At the ancient Maya site of Calakmul in Mexico’s Yucatan Peninsula, archaeologists have found a striking 2,500-year-old mural depicting an exchange of salt between a vendor and a buyer. It is the earliest record of salt as a commodity.
Salt has always been an important resource across the ancient world. As far back as 6050 BC, salt has occupied a central role for countless civilizations from China to Egypt. It served as currency at various times and places, and it has been the cause of bitter warfare.
In addition to its very practical role, salt has also played a vital part in religious rituals in many cultures, symbolizing purity. It is one of the most effective and most widely used of all food preservatives, which is why salt — also referred to as “white gold” — has always had crucial importance economically.
Although we now see salt as a cheap food ingredient, its rich history still touches our daily lives in more ways than we realize. The word “salary”, for instance, is derived from the word “sal”, the Latin word for salt. That’s because in ancient times, salt was so valuable that soldiers in the Roman army were sometimes paid with salt instead of hard currency. This monthly allowance was called “salarium”.
It’s no wonder to learn that salt occupied a central economic role among the ancient Maya as well. Archaeologists headed by Heather McKillop from Louisiana State University recently documented an ancient mural from Calakmul in which a salt vendor is shown handing out a salt cake wrapped in leaves to another person. The latter is holding a large spoon over a basket.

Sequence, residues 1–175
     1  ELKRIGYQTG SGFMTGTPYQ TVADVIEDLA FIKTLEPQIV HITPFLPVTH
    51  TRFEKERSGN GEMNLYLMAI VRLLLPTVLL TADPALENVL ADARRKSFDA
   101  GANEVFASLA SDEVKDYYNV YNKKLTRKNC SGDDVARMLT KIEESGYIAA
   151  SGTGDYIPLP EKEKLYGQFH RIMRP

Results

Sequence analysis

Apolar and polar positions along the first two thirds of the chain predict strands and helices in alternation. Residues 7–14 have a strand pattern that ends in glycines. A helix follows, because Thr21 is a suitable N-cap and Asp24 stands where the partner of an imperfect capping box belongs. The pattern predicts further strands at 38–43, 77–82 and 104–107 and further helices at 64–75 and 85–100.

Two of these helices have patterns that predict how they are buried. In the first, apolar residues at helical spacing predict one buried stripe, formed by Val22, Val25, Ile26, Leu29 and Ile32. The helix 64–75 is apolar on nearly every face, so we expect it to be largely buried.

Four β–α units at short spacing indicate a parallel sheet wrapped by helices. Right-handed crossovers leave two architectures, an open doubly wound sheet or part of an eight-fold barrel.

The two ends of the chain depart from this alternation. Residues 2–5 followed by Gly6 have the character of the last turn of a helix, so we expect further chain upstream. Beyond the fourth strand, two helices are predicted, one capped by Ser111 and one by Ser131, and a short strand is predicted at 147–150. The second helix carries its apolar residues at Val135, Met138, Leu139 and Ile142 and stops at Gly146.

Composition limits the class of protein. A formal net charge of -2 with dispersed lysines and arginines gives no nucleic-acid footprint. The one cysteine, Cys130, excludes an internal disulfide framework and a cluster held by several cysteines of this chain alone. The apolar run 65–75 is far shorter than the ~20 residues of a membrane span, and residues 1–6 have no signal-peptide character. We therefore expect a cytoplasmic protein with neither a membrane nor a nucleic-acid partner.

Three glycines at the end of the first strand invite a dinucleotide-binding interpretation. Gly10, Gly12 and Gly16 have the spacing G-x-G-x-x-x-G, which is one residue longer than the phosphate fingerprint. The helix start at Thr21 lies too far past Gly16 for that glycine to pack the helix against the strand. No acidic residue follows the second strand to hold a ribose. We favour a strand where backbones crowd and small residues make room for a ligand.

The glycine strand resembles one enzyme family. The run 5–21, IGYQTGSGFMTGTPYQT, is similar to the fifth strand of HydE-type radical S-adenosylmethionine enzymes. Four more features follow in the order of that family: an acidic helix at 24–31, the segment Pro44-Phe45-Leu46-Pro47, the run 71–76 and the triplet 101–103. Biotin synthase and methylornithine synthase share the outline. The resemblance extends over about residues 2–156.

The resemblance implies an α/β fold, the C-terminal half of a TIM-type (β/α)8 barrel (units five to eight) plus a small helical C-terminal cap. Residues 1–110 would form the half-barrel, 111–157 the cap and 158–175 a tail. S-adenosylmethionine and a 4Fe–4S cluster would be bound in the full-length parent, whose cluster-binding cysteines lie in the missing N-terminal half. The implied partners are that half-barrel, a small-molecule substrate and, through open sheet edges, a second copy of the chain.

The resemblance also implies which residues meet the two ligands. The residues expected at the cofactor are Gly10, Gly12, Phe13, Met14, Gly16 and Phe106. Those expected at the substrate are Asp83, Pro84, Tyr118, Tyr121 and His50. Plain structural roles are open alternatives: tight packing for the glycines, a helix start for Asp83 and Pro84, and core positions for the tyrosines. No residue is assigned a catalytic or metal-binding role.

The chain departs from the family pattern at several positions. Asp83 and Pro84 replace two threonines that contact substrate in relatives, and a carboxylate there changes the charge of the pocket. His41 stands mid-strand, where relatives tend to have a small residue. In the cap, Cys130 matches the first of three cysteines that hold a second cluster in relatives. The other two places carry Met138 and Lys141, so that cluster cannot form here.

Since 2004, Mckillop has uncovered a wealth of archaeological evidence related to ancient Maya salt trade networks. These include the remnants of ‘salt kitchens’ — buildings made of pole and thatch that had been submerged and preserved in the saltwater lagoons of the mangrove forests in Belize.
The Maya would use these spots to extract salt by boiling brine in pots over fires. So far, the researchers have mapped 70 sites that comprise an extensive network of rooms and buildings known as the Paynes Creek Salt Works.
This must have been an industrial-scale operation, as the archaeologists have identified 4,042 submerged architectural wooden posts, a canoe, an oar, a high-quality jadeite tool, stone tools used to salt fish and meat, and hundreds of pieces of pottery.
Alongside this recently described mural, this evidence suggests that salt cakes were transported in canoes along the coast and up rivers in southern Belize, the researchers wrote in the Journal of Anthropological Archaeology.
“I think the ancient Maya who worked here were producer-vendors and they would take the salt by canoe up the river. They were making large quantities of salt, much more than they needed for their immediate families. This was their living,” said McKillop in a statement.
Two of McKillop’s students even replicated some of the ancient Maya pottery using a 3d printer based on scans taken in Belize of some of the hundreds of pieces of pottery investigated at the site. This confirmed that the ceramic jars in which the Maya boiled the brine were standardized in volume.
“Produced as homogeneous units, salt may have been used as money in exchanges,” McKillop said.